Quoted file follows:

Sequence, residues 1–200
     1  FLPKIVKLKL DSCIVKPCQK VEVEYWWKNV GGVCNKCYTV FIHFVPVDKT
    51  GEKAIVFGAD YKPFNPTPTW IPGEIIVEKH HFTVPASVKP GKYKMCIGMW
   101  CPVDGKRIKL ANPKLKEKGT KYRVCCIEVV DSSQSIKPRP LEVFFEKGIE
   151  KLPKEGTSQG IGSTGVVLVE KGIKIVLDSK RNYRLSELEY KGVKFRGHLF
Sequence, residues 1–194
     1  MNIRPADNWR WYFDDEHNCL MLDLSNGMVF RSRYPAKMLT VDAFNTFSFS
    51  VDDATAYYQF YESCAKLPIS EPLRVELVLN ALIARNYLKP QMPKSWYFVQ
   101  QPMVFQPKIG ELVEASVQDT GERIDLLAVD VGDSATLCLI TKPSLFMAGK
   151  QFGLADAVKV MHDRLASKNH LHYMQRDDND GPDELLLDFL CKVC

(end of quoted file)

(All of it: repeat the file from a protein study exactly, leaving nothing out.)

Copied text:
Sequence, residues 1–200
     1  FLPKIVKLKL DSCIVKPCQK VEVEYWWKNV GGVCNKCYTV FIHFVPVDKT
    51  GEKAIVFGAD YKPFNPTPTW IPGEIIVEKH HFTVPASVKP GKYKMCIGMW
   101  CPVDGKRIKL ANPKLKEKGT KYRVCCIEVV DSSQSIKPRP LEVFFEKGIE
   151  KLPKEGTSQG IGSTGVVLVE KGIKIVLDSK RNYRLSELEY KGVKFRGHLF
Sequence, residues 1–194
     1  MNIRPADNWR WYFDDEHNCL MLDLSNGMVF RSRYPAKMLT VDAFNTFSFS
    51  VDDATAYYQF YESCAKLPIS EPLRVELVLN ALIARNYLKP QMPKSWYFVQ
   101  QPMVFQPKIG ELVEASVQDT GERIDLLAVD VGDSATLCLI TKPSLFMAGK
   151  QFGLADAVKV MHDRLASKNH LHYMQRDDND GPDELLLDFL CKVC